Thursday, May 14, 2015

Sites of Seepage Infection

Stephan Lewandowsky, Naomi Oreskes, James S. Risbey, Ben R. Newell, and Michael Smithson have published  “Seepage: Climate change denial and its effect on the scientific community” in Global Environmental Change (open access, but link is not live yet.  Email Stephan for copies), the thesis of which is that

Climate scientists have done an admirable job pursuing their science under great political pressure, and they have tirelessly rebutted pseudoscientific arguments against their work. Nonetheless, being human, scientists’ operate with the same cognitive apparatus and limitations as every other person. In consequence, it is important to be aware of the factors that may cause scientists to take positions that they would be less likely to take in the absence of outspoken public opposition. We refer to this phenomenon as seepage.
This thesis, that denialist mems have been forced into the literature by their ubiquity in the public sphere, a ubiquity induced by a well funded political and public relations effort from a small number of sources, is well explored in the paper (RTFR).  The short form can be found at Shaping Tomorrow's World.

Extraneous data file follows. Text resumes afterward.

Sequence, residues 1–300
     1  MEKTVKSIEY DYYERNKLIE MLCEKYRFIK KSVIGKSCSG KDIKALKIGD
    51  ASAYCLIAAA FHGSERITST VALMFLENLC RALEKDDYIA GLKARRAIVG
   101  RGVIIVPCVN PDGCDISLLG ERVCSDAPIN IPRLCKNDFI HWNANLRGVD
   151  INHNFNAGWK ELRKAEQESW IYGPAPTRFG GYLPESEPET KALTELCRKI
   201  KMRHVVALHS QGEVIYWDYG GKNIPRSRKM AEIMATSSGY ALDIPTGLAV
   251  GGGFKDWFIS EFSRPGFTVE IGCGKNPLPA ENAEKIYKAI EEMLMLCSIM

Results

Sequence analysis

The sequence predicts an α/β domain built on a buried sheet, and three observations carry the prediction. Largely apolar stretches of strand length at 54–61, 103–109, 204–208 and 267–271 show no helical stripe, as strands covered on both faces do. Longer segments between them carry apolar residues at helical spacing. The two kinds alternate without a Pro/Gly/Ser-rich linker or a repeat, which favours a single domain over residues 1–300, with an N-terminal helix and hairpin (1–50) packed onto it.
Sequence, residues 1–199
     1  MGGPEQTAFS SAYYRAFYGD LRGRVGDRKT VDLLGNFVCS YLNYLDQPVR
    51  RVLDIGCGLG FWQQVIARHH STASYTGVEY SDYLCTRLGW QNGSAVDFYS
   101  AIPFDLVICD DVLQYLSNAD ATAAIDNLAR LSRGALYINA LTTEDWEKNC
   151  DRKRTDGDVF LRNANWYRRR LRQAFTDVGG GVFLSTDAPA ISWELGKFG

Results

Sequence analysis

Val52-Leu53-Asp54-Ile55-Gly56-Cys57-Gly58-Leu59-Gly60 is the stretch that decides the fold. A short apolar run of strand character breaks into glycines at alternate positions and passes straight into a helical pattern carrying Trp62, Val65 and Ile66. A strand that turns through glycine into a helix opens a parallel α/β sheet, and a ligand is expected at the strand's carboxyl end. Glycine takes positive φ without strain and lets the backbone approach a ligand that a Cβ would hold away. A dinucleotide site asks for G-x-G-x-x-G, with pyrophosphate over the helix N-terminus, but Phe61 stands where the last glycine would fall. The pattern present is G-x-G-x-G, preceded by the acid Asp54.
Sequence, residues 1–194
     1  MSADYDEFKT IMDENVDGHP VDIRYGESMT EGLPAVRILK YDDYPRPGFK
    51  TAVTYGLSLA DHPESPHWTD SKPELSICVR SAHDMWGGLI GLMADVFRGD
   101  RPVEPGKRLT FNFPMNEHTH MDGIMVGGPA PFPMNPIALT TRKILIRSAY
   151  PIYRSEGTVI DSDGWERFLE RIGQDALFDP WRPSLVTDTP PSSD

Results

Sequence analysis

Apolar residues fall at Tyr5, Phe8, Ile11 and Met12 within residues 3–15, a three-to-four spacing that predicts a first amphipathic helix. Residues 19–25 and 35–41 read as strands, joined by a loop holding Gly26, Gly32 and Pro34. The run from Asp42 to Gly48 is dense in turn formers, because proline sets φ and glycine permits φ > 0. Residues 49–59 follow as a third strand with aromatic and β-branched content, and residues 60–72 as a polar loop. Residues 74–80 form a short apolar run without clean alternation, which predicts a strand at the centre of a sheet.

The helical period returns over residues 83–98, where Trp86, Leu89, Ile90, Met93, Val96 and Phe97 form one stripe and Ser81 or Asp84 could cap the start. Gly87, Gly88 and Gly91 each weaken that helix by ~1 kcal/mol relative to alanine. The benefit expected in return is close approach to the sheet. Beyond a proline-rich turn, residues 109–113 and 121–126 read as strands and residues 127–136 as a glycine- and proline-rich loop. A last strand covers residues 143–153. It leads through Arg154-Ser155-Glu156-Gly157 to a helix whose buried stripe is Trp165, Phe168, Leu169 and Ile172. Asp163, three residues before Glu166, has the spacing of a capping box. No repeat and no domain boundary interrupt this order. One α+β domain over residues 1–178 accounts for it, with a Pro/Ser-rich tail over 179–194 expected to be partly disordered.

There has been unhappiness with this paper.  The bunnies admire Stephan's touch.  Eli thinks it was John Mashey who pointed out that if we are conducting an experiment in atmospheric physics that everyone is part of, everything that everybunny does is test tube fodder for a social psychologist.

Sou started to dissect the response, when Richard Betts walked into the room at ATTP, so Sou took him apart and Richard Tol let on that he was color blind, which explains a few gremlins and there are various comments worth reading or not all over the place.  However, and there is always a however at Rabett Run, Eli has a thought about the agents of seepage.

While a bunny can always find a journal to hand over her or his publication charge money to, and arXiv exists, entry to CNS journals (the holey trinity of biomed, Cell Nature Science) is controlled by the nomenklatura and novelty is the password, that and being a member of the tribe.  CNS, etc., Eli will grant Cell an honorary membership here, journals are controlled by a small number of editors and function on both public and a professional levels.